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885i no cranking

Started by the slow heart, July 04, 2022, 05:45:03 PM

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the slow heart

Hi guys,
my ponnie refuses turn over so I rolled up my sleeves.

First out was the starter as long ago suspect for lazy starts - it was quite clean with perfect bearings which were regreased, no grooves on the copper contacts of the rotor, mildly worn brushes working at noticable spring contact. I tested it separately, it spins fine. Feed wire clean in good condition, wire ends clean and secure. The minus wires from the alternator also securely attached to the tranny casing.

Then I checked the starter relay - it clicks fast on direct 12v feed, the heavy contacts closure tested and found perfect. The black/pink wire brings the minus on it  readily on clutch activation. The white/red wire which should bring the plus from the starter button kind of does it not. When I attempt starting, the lights cut out relay clicks in with dash lights dim .... and that's it, starter relay does not click as it should.

The other regular old suspect, the battery, is an old one, maintained on a tender. I thought about insufficient voltage, and backed up the starting by car battery with same no success, might be the cables were not firmly attached.

Also neutral functions fine.
Also the side stand switch works fine when I tested it.

Anyway I am still testing and inspecting the starting wires, so any positive advice for tricky items involved is highly appreciated!


the slow heart

Walking down the plus cable of the starter relay, start button and engine stop switch proved to be ok, it was the ignition switch making poor contacts. Resoldered the pins and voala - bike is cranking as expected.


Excellent you got there, the ignition pins can be a problem on the later models as as well.
05 Tiger Lucifer Orange (resting) 07 GSX-R1000TT K7 71 Triumph T25T 17 Tiger 1050 Sport

the slow heart

Had few tanks vaporized, and the problem showed up again  :cp

New battery now, tracking wires again.
Where is the alarm connector located actually? Manual says some bikes are built without one and I suppose their wiring is a bit different from the one printed in the booklet where the connector is shown as item 74.

I suppose my bike has no such connector. But if there is such one, continuity between start button and starter relay might be degraded there.


If an alarm is fitted (I'm not sure on the 855i) and it's anything like the late 955i, the alarm module is underneath the rear cowl. Had to remove the luggage rack to gain access.

Had my alarm go a couple of months ago so used a jumper to get the bike going again. The internal alarm battery eventually goes & once that happens, the immobiliser kicks in.
No matter how smart you are you can never convince someone stupid that they are stupid.

the slow heart

Thank you,

had the tail off for painting, but did not pay attention what was under,
will open that drawer again to invalidate one troubling option.

Meanwhile did some measurements to dream over:

- resistance between minus terminal of the battery and grounding wire terminal on alternator casing: 0.2 ohm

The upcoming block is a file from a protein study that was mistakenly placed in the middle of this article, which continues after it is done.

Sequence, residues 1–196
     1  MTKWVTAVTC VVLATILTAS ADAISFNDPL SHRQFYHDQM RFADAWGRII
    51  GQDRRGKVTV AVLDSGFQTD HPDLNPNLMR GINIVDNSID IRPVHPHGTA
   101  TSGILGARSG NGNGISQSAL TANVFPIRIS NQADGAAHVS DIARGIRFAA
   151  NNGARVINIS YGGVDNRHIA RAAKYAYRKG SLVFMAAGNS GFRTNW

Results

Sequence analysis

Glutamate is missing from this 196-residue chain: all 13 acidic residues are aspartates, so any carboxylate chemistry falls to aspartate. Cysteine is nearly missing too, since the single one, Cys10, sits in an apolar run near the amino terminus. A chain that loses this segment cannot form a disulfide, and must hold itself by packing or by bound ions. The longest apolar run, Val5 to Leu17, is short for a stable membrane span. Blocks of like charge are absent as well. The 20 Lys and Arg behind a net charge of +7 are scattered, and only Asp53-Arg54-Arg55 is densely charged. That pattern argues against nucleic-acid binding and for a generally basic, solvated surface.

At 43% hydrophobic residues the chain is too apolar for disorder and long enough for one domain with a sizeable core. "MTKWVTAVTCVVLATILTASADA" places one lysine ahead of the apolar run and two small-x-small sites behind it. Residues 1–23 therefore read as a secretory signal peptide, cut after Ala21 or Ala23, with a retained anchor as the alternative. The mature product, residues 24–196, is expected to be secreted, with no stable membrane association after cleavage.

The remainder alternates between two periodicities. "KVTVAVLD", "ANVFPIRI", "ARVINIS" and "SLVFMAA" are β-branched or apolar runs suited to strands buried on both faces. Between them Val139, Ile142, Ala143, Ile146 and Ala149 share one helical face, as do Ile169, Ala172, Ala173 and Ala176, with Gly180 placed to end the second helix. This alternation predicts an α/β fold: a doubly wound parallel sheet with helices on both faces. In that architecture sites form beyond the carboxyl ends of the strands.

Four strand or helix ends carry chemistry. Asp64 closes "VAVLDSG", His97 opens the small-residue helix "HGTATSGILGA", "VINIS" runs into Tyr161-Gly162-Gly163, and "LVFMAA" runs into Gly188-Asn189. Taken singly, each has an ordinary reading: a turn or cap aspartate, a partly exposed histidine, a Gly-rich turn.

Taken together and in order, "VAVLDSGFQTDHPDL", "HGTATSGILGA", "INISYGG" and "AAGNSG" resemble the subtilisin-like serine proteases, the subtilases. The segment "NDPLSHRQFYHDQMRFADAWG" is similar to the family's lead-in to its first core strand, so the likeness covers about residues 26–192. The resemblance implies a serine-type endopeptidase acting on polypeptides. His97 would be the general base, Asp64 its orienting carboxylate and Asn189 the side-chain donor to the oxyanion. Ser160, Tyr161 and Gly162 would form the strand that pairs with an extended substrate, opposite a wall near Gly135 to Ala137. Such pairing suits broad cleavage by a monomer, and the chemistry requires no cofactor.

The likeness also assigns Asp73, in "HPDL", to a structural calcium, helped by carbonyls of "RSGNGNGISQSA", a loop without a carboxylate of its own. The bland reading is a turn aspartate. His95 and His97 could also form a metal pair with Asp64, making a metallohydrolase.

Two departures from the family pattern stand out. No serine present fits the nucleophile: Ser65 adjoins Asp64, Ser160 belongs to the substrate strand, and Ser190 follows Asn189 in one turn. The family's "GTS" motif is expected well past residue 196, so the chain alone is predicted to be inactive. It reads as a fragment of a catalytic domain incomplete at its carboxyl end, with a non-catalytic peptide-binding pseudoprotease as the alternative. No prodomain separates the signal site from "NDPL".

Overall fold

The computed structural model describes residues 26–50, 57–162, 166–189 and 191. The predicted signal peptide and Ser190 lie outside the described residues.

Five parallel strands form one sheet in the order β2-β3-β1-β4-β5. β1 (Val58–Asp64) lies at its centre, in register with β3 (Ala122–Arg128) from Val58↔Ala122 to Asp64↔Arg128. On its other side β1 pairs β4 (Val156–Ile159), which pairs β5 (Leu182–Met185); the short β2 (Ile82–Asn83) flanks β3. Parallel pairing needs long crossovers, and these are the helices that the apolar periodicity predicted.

- resistance of starter relay coil: about 14 ohm

- new charged battery: 12.85 v

- current draw from battery with ignition on: 2.65 A, voltage drop 0.2 V

- current draw from battery with ignition on and engine stop on: dropping from 6.2 A initially to 4.1 A in few seconds, voltage drop 0.3 V initially to 0.2 V

-  resistance between minus terminal of the battery and minus connector of starter relay: 88 ohm clutch out, 0.1 clutch in

- voltage on plus connector of starter relay: 10 v before button push, 6.2 v after button push and clutch in ( battery goes down to 12.2 v while pushing the button )

Rough estimate to figure out the problem: at least couple beer cases, 12 pack  :bug_eye


The T400 / T300 looms were all built with the wiring for the alarm integrated into the loom. There were a couple of variations up to 96 / post 96 where there were either two or three plugs, one of the plugs has a "dummy" plug with a bridging wire to allow use without an alarm being fitted. On the Steamers, the bridge / bypass is normally under the headlight cover. The 885i being in between could possibly be there.

Look for a plug that looks like the one below (ignore the longer wires), if the bypass plug and wires look OK, check the matching wires on the loom where they enter the matching plug. It's not an uncommon failure on the T300 models for them to break or corrode. If the plug is missing or the loom wires are damaged, it's often simpler just to bridge those two wires on the loom side rather than trying to repair them or find a plug.
I used to have long hair, took acid and went to hip joints. Now I long for hair, take antacid and need a new hip joint

the slow heart

Thanks guys,

there it was the alarm connector under the rear rack. It came quite clean, with protecting paste inside. Measured it and found no additional resistance, so left the plug and both bridges as they were.

Also measured resistance from the battery plus terminal to starter relay - 1.2 ohm. Seems negligable after 22 points of mechanical contact. But then I measured the starter relay coil resistance isolated, and found 4.1 ohm. Now I find them comparable. Meaning just 2.5 A current could reduce coil voltage under 10V which I actually measured. Will gaze bit more are the regular consumers in this condition qualifying for 30 W consumption or shall I look for loom leaks around them.